How to care for houseplants this winter

Having plants around us helps our health. It’s why NASA takes them on its space flights after all! But how do you return the favour? We’ve lots of tips on how to care for houseplants this winter so they survive and thrive.

Watering winter houseplants

Many houseplants are dormant in the winter months. As they’re not putting on new growth, they don’t need as much water. Usually watering once a fortnight is fine, sometimes even less.

Over-watering can be just as harmful as under-watering. Soggy soil can damage roots, and they may start to rot. Make sure to test the soil in the pot first. Don’t want to use your fingers? Push a pencil down into the compost. If some granules stick to it, your plant doesn’t need watering.

Pro tip: Using a water mister is the perfect way to keep your houseplants happy, especially given how central heating can dry out air during the winter.

How to keep houseplants warm

On a sunny winter’s day, surely there’s nowhere better for plants than a windowsill? But before you squeeze all your pots on there, check the temperature first – most houseplants like to be in temperatures of at least 16C. Also can you solemnly swear to always move them back into the warmth when it gets dark?

Heating from above or below is a sound bet for houseplant health. You can use a heating lamp or mat which will also come in handy when propagating new plants next spring. A low-cost version is to swaddle the pots in fabric or bubble wrap to keep in the heat. Or you could add a heater to the space. But houseplants don’t like any kind of draft – especially extremely hot or cold. So position them away from any blasts of air.

Don’t forget to dust those leaves! That way, your houseplants have more chance of absorbing sunlight to photosynthesise and create energy from sunlight.

While we’re on the subject of sunlight, do you want your houseplants to grow evenly? Then rotate them a smidge every few weeks. If you’ve lots of plants, maybe invest in a Lazy Susan stand to save time.

Repotting houseplants in winter

Before you start, does your plant like to be in a small pot? Bird of Paradise plants and peace lilies are more likely to flower if they’re not putting their energy into growing more roots.

Best time to repot a houseplant?

Ideally you should repot houseplants when spring is just around the corner. This is because sometimes repotting leads to a growth spurt. This may sound like a positive. But not when there isn’t enough sunlight to maintain the new growth.

Another reason to delay repotting is transplant shock. Plants need to root well in order to survive. But in winter, plants are on a ‘go-slow’ so may not be able to develop a good enough root system in their new growing medium. And never repot if the plant is flowering!

When should you repot in winter?

Are roots showing through drainage holes? Unless you do something, the roots will eventually suffocate the plant. Make sure to rough up the roots a little to help break them up, before repotting.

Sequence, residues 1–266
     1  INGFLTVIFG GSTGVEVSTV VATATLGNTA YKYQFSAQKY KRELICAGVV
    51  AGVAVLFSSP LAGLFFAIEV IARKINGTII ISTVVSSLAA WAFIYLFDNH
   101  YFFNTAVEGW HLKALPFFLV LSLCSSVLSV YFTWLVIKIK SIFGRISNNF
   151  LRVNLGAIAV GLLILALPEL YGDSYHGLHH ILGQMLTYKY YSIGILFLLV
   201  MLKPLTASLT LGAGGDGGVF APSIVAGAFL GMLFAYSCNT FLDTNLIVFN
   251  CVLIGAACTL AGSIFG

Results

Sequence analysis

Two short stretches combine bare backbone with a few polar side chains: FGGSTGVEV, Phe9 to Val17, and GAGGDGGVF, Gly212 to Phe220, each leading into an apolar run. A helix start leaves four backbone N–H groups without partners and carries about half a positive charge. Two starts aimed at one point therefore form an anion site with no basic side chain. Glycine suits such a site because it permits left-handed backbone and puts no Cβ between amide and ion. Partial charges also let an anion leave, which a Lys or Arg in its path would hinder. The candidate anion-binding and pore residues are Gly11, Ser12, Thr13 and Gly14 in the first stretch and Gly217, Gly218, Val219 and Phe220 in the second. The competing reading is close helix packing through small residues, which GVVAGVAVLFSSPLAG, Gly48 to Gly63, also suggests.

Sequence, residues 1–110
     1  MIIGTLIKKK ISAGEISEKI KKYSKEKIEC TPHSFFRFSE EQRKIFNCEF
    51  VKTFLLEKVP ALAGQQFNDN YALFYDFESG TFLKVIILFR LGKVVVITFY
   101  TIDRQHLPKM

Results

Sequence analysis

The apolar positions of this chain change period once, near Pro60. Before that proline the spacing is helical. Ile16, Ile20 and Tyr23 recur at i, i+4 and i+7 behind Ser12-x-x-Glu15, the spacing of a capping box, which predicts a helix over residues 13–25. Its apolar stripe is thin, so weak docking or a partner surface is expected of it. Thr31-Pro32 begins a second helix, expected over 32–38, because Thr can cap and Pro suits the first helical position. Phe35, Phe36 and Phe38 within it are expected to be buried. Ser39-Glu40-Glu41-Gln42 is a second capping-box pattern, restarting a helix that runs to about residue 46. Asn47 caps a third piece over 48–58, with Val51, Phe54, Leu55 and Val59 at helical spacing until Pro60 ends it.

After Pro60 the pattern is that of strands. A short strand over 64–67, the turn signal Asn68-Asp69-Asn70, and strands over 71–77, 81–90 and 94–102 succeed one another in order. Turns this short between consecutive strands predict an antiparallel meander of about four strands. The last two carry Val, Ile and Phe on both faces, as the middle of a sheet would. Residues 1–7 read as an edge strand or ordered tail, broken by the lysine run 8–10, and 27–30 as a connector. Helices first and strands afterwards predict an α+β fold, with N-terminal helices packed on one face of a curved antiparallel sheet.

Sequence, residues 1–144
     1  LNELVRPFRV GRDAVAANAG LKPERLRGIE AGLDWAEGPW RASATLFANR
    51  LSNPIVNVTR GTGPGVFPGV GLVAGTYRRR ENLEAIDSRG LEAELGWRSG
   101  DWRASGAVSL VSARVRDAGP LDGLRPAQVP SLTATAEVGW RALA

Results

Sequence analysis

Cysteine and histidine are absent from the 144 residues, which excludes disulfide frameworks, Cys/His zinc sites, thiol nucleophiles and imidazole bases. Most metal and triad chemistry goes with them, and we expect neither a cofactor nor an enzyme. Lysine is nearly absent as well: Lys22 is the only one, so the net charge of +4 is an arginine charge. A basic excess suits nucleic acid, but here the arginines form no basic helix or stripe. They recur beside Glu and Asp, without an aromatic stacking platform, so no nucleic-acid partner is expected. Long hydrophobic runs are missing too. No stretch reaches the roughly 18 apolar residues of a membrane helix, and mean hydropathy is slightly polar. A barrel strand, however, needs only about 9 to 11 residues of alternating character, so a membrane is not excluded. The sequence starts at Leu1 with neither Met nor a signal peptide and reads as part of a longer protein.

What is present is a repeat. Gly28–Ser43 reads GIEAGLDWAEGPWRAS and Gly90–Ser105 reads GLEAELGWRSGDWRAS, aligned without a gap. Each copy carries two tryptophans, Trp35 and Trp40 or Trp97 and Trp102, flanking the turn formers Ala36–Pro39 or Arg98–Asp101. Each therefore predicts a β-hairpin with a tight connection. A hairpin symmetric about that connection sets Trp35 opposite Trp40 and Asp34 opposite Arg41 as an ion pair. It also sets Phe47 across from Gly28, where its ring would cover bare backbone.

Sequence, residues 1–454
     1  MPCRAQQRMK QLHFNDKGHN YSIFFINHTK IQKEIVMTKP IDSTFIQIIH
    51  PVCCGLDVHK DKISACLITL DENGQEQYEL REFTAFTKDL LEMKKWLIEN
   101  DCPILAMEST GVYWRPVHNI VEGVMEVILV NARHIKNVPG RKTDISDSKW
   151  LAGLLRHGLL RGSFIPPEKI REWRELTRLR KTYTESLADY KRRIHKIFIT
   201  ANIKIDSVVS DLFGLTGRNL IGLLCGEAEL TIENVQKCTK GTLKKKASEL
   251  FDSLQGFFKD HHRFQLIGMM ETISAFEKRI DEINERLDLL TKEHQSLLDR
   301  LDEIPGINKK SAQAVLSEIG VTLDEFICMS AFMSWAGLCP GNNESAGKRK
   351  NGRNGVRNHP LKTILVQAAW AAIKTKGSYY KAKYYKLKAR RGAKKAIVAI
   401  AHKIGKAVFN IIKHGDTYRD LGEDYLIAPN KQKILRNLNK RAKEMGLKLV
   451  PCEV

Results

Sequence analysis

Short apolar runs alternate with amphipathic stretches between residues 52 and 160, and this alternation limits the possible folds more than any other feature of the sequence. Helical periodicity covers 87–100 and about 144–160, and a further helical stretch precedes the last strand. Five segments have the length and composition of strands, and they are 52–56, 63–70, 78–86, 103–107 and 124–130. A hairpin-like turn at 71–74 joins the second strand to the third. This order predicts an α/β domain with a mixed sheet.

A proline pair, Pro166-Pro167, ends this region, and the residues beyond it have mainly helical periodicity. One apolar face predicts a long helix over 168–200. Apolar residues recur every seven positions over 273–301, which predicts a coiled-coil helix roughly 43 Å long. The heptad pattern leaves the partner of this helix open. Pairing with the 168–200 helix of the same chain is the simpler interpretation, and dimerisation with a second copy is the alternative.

If you received a plant as a present, re-potting is a good idea. Especially if the plant has been gifted in a pot without drainage holes. No drainage = rotting plants. Also shop-bought plants often don’t have the best quality compost.

Mouldy soil on the pot’s surface means you should repot the plant. Make sure you thoroughly wash out the container too if you want to re-use it elsewhere.

Is the plant tipping over in the pot? This may be caused by too many roots in too small a space drying out the soil.

What you need to repot

• A clear surface to work on, and you don’t mind getting dirty. Lay down some newspaper to protect the surface.
• A clean pot 5cm wider than the old pot. It’s tempting to go big to save potting on again, but too large a pot can trigger transplant shock
• A pair of scissors in case you have to cut the plant out of a plastic pot or a hammer if you need to break open a pot.
• Fresh compost – peat-free coir is a great choice. One of our compressed 5kg Coco Grow brick provides 75 litres of coconut coir growing medium when you add water. Need less? Just break off a little at a time, add water and fluff it up.
• Patience in removing the plant. Be gentle and take it slowly. Cut and break off any roots which are preventing you from taking the pot off. There are lots more great tips in the Repotting Your Indoor Plants guide

How do mulch mats work?

Mulching is a gardening term for adding a protective layer on top of the soil. It’s a great way to keep plants at a constant temperature, boost drainage and retain water.

When used indoors, it can help avoid ‘soil splash’ on lower leaves, discourage pests from laying eggs in the pot’s soil as well as other unwelcome attention. Do you have pets who like to dig? Toddlers, who like to make mud pies? Then you know how soon things can go pear-shaped around houseplants.

Add neutral texture and a rainforest vibe

Our 100% natural coir mulch mats are an incredibly easy and neat way to protect your houseplants. You just place the coir disc around the bottom of your plant’s stem.

Mulch mats also give a consistent look to the top of pots, which looks pretty smart!

Tips from the ‘Green Gardeners Guild’ online advice library

Get more tips and hints on improving your green fingers by checking out our blogs:
How to prepare coco coir: garden use vs indoor plants
Winter gardening: a guide
How to keep plants warm in winter

A winter wonderland of houseplants?

Do you have fantastic ferns? A colossal cactus? Let us know on social media! Please post your pictures and tag in @cocoandcoir on Instagram. We’ll credit you for any images we use and you’ll even get £10-worth of loyalty points for any of your stories we use!